Email Marketing: The Evolving World of Open Rates

Email marketing is an extremely effective means of communicating with your public safety customers and prospects. In fact, one study finds email marketing to be the most effective form in terms of return on investment—bringing in, on average, $42 for every $1 spent. That’s a fantastic rate of return. But how do you determine how effective your email marketing campaigns are?

Typical metrics like open rates and click-through rates have long been the standard for evaluating success. That, however, is changing. Apple’s new mobile operating system iOS 15—which officially launched in late September—allows users to block third parties from obtaining much of the information marketers have used as benchmarks, including open rates. The same privacy features will be available on Apple’s desktop OS later this year. These updates build upon robust privacy features Apple introduced last year, as well as the App Tracking Transparency feature it released in April.

How It Works

Open rates are calculated by counting the loading of invisible tracking pixels in emails. Apple’s new operating system allows users to block that reporting by routing email through a proxy server. The proxy server effectively “opens” the email, even when your reader has not. Additional privacy features extend as well to Apple’s paid products, such as iCloud, where users will be offered services that would hide their email addresses from marketers when they sign up to new websites.

These changes will clearly impact advertising and marketing. After all, nearly 55% of American cellphones are iPhones. Mobile is a huge part of email marketing, and as stated above, the same changes will soon roll out on desktop. One potential limitation of their reach: The privacy features only kick in for readers using the Apple Mail app, but keep in mind, many users will elect to load email from other providers (e.g., Gmail, Outlook) through this app. The effect will likely be large.

What to Expect

Apple’s new privacy features will almost certainly have an impact on email campaign reporting. First, expect inflated open rates. Because iOS uses a proxy server to open email, emails will be marked open even when the user has not opened them. Second, if you’re used to slicing and dicing email opens and click-throughs by IP address to obtain geographic location data on your readers, that data will no longer be reliable for the percentage of your audience using Apple Mail. Blocking IP addresses will also affect advertisers’ ability to track readers across the web, so it will likely impact retargeting.

Bottom line: It’s safe to assume that some of the most relied-on metrics for email marketing effectiveness will soon carry far less meaning. We’re also going to see more of this trend. Google and Facebook have also launched privacy initiatives. How it all plays out is yet to be seen.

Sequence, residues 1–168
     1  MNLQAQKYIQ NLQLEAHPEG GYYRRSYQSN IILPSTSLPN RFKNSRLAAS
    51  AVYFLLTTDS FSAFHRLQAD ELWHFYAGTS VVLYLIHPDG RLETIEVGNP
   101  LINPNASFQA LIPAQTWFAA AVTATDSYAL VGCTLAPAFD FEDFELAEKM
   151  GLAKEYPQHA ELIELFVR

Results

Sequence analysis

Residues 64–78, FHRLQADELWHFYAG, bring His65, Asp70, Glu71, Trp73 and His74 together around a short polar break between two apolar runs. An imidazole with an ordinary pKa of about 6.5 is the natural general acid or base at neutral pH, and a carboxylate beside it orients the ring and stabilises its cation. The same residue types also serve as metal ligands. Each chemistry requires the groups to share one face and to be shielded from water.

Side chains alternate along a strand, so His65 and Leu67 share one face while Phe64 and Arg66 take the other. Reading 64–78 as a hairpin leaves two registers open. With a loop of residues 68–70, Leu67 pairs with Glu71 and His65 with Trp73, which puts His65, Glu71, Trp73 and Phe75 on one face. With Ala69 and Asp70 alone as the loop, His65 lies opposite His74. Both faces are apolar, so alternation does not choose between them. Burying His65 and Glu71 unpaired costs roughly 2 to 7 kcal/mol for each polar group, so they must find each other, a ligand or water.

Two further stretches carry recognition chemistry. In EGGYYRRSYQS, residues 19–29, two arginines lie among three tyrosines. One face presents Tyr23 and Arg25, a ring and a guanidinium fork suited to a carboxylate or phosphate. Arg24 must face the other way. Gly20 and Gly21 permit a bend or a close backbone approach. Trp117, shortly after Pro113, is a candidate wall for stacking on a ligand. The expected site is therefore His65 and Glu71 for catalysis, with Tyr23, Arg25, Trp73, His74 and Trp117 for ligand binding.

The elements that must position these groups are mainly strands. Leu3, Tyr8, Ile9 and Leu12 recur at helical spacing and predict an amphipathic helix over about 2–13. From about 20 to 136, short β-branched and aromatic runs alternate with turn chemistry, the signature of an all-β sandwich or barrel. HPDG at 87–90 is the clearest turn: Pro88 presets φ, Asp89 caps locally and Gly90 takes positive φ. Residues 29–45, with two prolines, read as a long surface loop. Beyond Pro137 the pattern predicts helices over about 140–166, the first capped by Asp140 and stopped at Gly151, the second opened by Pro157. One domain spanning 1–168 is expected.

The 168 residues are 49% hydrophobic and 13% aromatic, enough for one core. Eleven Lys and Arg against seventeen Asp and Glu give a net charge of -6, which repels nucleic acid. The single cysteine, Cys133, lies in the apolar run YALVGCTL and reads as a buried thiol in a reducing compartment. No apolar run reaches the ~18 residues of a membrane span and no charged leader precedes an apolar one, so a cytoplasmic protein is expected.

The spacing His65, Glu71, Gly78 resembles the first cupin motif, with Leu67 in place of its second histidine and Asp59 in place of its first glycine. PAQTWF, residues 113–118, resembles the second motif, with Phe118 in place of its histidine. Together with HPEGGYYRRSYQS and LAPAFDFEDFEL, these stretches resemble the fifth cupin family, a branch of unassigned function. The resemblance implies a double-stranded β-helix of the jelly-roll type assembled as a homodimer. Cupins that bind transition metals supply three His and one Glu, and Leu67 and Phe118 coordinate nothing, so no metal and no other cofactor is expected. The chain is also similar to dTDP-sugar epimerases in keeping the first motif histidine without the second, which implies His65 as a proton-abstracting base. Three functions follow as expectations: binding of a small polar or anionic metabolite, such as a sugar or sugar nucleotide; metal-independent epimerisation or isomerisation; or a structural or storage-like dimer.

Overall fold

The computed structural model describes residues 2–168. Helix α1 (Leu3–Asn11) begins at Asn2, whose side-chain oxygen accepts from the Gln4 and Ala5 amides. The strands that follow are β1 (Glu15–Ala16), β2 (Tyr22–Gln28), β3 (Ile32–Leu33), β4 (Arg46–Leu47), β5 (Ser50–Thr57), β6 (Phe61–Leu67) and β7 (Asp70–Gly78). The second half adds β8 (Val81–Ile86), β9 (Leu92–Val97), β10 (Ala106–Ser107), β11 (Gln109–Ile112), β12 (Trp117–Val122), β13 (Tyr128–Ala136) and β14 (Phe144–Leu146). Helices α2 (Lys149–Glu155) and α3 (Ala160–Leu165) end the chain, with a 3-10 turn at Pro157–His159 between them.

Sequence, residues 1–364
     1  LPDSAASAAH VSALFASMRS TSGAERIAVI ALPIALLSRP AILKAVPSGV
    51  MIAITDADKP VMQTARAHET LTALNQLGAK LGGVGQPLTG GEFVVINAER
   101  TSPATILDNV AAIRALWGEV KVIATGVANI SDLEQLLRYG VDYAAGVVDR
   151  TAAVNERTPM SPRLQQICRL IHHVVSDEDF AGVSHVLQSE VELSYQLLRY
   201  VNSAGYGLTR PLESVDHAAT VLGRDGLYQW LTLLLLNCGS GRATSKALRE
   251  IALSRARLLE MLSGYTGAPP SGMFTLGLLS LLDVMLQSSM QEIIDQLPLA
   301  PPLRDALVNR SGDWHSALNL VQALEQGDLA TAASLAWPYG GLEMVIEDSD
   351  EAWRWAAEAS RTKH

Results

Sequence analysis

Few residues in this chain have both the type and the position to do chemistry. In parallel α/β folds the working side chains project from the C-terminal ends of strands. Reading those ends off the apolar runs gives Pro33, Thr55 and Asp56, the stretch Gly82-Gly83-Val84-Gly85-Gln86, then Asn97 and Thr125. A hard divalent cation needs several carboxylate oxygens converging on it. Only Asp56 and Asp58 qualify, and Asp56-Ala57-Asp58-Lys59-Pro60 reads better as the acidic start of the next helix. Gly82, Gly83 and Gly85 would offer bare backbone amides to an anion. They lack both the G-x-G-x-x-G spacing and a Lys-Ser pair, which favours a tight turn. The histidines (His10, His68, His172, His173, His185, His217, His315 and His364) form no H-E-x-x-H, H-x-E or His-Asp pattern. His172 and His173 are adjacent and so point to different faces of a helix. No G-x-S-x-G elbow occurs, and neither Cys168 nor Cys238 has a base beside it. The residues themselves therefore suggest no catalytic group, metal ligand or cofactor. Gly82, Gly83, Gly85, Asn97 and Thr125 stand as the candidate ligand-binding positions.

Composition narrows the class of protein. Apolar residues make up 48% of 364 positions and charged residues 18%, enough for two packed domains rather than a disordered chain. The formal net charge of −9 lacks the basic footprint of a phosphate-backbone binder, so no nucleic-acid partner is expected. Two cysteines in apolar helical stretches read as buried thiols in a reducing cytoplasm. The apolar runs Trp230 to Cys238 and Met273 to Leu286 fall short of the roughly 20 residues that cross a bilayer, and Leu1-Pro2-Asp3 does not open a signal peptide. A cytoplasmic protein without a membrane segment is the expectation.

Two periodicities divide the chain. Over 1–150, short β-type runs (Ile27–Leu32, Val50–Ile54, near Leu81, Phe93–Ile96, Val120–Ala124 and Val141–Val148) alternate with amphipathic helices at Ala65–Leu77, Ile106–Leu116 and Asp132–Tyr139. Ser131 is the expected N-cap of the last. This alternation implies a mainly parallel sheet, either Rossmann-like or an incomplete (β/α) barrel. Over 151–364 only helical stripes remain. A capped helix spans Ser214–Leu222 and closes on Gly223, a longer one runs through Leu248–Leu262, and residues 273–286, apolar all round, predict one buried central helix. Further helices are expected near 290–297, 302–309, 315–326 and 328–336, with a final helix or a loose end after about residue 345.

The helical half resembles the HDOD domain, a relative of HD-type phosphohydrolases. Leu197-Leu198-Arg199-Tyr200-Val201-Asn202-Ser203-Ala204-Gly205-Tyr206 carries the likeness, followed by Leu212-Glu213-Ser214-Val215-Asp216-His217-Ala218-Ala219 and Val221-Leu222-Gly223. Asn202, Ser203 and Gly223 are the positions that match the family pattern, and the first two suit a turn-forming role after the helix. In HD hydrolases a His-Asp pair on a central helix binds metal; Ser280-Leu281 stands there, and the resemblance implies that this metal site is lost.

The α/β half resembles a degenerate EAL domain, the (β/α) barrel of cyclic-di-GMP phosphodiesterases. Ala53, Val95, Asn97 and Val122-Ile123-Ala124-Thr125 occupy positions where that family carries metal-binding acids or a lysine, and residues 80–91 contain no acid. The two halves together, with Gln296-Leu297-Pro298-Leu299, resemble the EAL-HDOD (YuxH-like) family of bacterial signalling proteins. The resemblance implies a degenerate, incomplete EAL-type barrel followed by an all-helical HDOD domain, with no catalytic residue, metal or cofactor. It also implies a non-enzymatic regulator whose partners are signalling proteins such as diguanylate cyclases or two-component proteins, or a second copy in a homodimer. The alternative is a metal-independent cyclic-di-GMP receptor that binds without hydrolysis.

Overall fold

This isn’t to say email marketing isn’t still a powerful marketing product! In fact, the good news in all of this is that open rates, in particular, were never very reliable to begin with. They have always been susceptible to over or underreporting, depending on the device settings and behaviors of your audience. For example, some people block HTML emails and read them as text only. This will not be reported as an open because it won’t load tracking pixels.

What You Can Do

Email marketing is an art. People are inundated with the stuff, and yet we all want good, actionable information that will improve our lives. First responders are no different. The basics remain the same. Strong, direct subject lines; compelling images and copy; and clearly defined value propositions are still all essential. A prominent and compelling call to action (CTA) is more important than ever.

Another important step for all marketers is to thoroughly analyze how you use open rates (if you do) and, if needed, rethink your strategy. For instance, some marketers use email opens to trigger drip campaigns. The date of the last email open may be used to determine when and if a reader gets a follow-up email. Some advertisers have spent time analyzing open rates to determine key send times. Many use open rates as an indicator that the reader is engaged, meaning they stay on the mailing list. All these metrics will be impacted by Apple’s new privacy features. So it may not be enough for you to inform your Go to Market teams about the changes in open rates. You may need to make other changes in your processes, too.

But there’s still a lot you can do with existing tools. While you’ll need to take your open rates with a healthy dose of caution, other metrics and tactics will still be effective. A/B testing can help you identify the subject lines, CTAs and messages that resonate best with your audience. Monitoring web traffic to your own site or social media accounts following email campaigns can give you an idea of what campaigns are more successful. Tracking URLs allow you to continue to monitor clicks and conversions. Engagement is, after all, what we’re truly after.

Crawford Coates

CRAWFORD COATES is the content marketing manager Lexipol. Prior to this role, he was publisher at Calibre Press, a publisher and trainer for law enforcement, and an editor at PennWell Public Safety, publisher of Law Officer, FireRescue and JEMS. He is a co-founder of Below 100 and author of the book Mindful Responder: The first responder's field guide to improved resilience, fulfillment, presence, & fitness--on and off the job. He holds a master's degree in public policy and administration.

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